Elva

(1891-Present) Elva was named after the first child to be born in the village.

Stories

**1891 - Present** One of the first homesteaders in what came to be known as the district of Elva was H. J. Archibald and his family. They came from the east in 1882 and settled northwest of where Elva was later built. Archibald established a post office out of his home, which received the mail once a week from Brandon. [[inline:right:elva]] In 1891 James Skelton agreed to sell some of his land to the [Canadian Pacific Railway](item=cpr-estevan-branch-saskatchewan), which was looking to continue the line west from Melita. An unincorporated village grew on a corner of Skelton’s land. The community was later named after the first baby to be born in the district: Elva, the daughter of James Modeland and his wife. Elva continued to grow, and by 1904 the community boasted a population of 100 people. Four years later the numbers had grown to 150 people, causing basis for a rumour that the community was at one time bigger than [Melita](item=melita). Elva seemed to be on the road to becoming a very important town—its [elevators](article=elva-elevator) serviced farmers as far south as the international boundary. But the community’s prosperity was not long-lived. Passenger service on the rail was terminated in 1959. In 1962 the stock yards by the tracks were demolished as it became more effective to ship cattle by road than rail. The railway continues to run through Elva, however the town is but a shadow of what it was a hundred years ago. Today the village is home to ...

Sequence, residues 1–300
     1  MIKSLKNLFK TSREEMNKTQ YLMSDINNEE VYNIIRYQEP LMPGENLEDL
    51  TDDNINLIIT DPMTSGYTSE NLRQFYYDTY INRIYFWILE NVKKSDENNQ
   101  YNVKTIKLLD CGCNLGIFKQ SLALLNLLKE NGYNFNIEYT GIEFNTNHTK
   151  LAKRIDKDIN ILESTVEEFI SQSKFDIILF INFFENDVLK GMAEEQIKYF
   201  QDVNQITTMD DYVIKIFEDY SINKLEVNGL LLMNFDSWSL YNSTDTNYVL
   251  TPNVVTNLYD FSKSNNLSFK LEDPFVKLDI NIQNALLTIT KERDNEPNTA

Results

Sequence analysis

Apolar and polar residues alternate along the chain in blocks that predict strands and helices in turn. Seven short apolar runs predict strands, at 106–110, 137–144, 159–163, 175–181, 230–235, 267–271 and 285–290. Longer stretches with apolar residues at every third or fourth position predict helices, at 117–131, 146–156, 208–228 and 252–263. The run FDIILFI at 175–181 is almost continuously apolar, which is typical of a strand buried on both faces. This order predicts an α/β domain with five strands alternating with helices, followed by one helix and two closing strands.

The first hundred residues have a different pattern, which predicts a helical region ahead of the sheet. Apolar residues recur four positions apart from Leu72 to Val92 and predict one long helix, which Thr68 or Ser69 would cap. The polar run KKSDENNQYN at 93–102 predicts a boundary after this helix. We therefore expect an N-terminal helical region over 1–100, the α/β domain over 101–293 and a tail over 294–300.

[[inline:right:elva-elevator]] #The oldest remaining elevator in Canada! **~1892—Present** Grain elevators are an age-old symbol of western Canada – they stand like sentinels over ghost towns, communities and endless acres of farmland. The grain elevator was, and still is, the link between the farmer and the market, providing storage and serving as a shipping centre for bulk grain. However, the old-style wooden elevator does not have a secure future. Today super silos have taken over the job previously done by small, in-town elevators. Many of the old, and by comparison smaller, elevators are being torn down – in Manitoba the rate is roughly one elevator every two months. In this light, it is ever so much more impressive that one specific elevator has managed to survive to the present day. After the destruction of the Fleming elevator in Saskatchewan in 2010, the site of the oldest elevator in Canada became the small hamlet community of [Elva](article=elva), Manitoba. Elva is located halfway between [Melita](article=manchester-melita) and [Pierson](item=pierson) on the [Canadian Pacific Railway line](item=cpr-estevan-branch-saskatchewan). The elevator’s construction dates sometime between 1892 and 1899 and displays a characteristic squat style which was used prior to 1910. This design sets it apart from other prairie elevators. It was built by the Lake of the Woods Milling Company of Winnipeg, which was incorporated in 1887 with the intention of building and operating a network of grain elevators throughout western Canada. Before the turn of the century, the Lake of the Woods Milling Co was one of Manitoba’s ...